U.S. Military History: Memorial Day Poppies

Ross Dunfee

World War I concluded with about 10 million military personnel killed, and a like number of civilians. One particularly bloody battle during WWI was at the Second Battle of Ypres (Belgium) where, on April 22, 1915, Germany fired 150 tons of lethal chlorine gas against two French and Algerian Divisions and two days later a Canadian Division. Some 87,000 Allied troops and 37,000 German troops were killed, wounded, or missing. Because of the substantial carnage, bodies were buried either in nearby battlefield cemeteries or mass graves.

On May 3, 1915, Canadian physician Lieutenant-Colonel John McCrae, after seeing poppies erupting from the battle-ravaged land of northern France and Flanders (northern Belgium), took 20 minutes to pen the poem In Flanders Fields (published in Punch Magazine, December 1915.) The poem gives voice to the soldiers who had been killed in battle and lay buried beneath the poppy-covered grounds. Those deceased soldiers encourage the living soldiers to keep up the fight so that the loss of their lives be not in vain.

In Flanders fields the poppies blow

Between the crosses, row on row,

That mark our place; and in the sky

The larks, still bravely singing, fly

Scarce heard amid the guns below.


We are the Dead. Short days ago,

We lived, felt dawn, saw sunset glow,

Loved and were loved, and now we lie

In Flanders fields.


Take up our quarrel with the foe:

To you from failing hands we throw

The torch; be yours to hold it high.

If ye break faith with us who die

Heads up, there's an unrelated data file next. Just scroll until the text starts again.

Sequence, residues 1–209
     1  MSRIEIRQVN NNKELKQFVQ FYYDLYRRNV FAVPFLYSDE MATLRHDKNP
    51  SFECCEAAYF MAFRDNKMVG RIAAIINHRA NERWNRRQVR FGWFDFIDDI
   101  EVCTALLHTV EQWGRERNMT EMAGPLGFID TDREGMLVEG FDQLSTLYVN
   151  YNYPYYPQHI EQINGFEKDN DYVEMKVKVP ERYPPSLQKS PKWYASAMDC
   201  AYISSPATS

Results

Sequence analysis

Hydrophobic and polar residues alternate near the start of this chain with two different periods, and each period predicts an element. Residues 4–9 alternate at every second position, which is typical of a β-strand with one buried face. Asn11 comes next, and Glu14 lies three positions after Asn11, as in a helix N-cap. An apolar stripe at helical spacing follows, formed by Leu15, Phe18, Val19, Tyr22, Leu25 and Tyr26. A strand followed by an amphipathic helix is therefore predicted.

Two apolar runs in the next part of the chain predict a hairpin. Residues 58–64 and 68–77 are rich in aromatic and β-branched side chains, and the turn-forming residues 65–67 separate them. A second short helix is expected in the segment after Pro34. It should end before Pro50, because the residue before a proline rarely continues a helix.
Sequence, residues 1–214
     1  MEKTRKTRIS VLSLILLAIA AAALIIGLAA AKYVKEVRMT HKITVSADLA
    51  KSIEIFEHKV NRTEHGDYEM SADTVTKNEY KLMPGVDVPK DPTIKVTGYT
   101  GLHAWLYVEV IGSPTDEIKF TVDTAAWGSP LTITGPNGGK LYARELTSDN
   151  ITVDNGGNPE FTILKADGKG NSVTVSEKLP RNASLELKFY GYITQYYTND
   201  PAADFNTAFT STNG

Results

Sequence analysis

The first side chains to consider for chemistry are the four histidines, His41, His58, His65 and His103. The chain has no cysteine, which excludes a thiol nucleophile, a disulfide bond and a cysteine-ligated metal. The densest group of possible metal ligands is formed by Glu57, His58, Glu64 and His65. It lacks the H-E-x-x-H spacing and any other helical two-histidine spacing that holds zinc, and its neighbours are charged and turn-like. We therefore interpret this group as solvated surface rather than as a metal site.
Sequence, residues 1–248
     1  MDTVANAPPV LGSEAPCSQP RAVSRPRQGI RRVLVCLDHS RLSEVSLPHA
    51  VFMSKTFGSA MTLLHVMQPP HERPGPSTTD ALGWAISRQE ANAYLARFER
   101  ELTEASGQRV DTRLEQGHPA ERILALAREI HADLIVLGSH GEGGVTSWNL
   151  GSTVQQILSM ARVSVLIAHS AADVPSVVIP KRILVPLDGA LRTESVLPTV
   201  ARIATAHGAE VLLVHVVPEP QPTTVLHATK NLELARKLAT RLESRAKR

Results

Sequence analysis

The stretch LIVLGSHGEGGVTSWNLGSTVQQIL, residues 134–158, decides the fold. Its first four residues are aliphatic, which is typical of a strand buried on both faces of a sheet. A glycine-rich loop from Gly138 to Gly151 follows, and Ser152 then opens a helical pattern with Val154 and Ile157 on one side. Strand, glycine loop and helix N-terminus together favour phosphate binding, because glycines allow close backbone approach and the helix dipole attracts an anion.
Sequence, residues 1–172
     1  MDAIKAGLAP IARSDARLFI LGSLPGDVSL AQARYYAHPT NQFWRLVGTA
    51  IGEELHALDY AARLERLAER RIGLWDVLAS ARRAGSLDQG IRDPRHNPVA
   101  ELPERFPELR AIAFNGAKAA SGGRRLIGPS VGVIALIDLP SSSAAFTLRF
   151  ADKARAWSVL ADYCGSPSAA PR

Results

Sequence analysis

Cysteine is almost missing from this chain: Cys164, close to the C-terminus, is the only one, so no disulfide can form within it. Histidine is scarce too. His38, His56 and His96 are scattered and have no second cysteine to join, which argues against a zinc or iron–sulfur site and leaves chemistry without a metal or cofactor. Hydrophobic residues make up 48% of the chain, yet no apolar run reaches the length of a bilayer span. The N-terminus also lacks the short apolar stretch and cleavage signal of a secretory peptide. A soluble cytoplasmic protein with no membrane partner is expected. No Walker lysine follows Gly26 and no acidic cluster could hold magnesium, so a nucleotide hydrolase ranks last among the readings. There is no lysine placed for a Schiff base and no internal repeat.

We shall not sleep, though poppies grow

In Flanders fields.


On Nov. 9, 1918 (two days before the Armistice), Moina Michael, a volunteer at the New York YMCA, published in the Ladies’ Home Journal a response to McCrae titled We Shall Keep the Faith.

Oh! you who sleep in Flanders Fields,

Sleep sweet—to rise anew!

We caught the torch you threw

And holding high, we keep the Faith

With All who died.


We cherish, too, the poppy red

That grows on fields where valor led;

It seems to signal to the skies

That blood of heroes never dies,

But lends a lustre to the red

Of the flower that blooms above the dead

In Flanders Fields.


And now the Torch and Poppy Red

We wear in honor of our dead.

Fear not that ye have died for naught;

We’ll teach the lesson that ye wrought

In Flanders Fields.


On Jan. 28, 1918, Lieutenant-Colonel John McCrae died of pneumonia (results of the chlorine gas) and never heard the responsive poem of Moina Michael. Poppies were planted at his gravesite.

In September 1920, the National American Legion voted to use the poppy as the official U.S. national emblem of remembrance. Other nations soon followed suit, adopting the red poppy as the national symbol of remembrance. It is common to see the American Legion offering the poppies for a donation around Memorial Day.

SOT-AZ (Support Our Troops—Arizona) is proud to honor and remember military personnel both deceased (with flags at half-staff until noon) and living (with flags at full-staff after noon) on Memorial Day. We honor those who have sacrificed for our freedom. Visit www.sotaz.org to learn more about Support Our Troops—Arizona.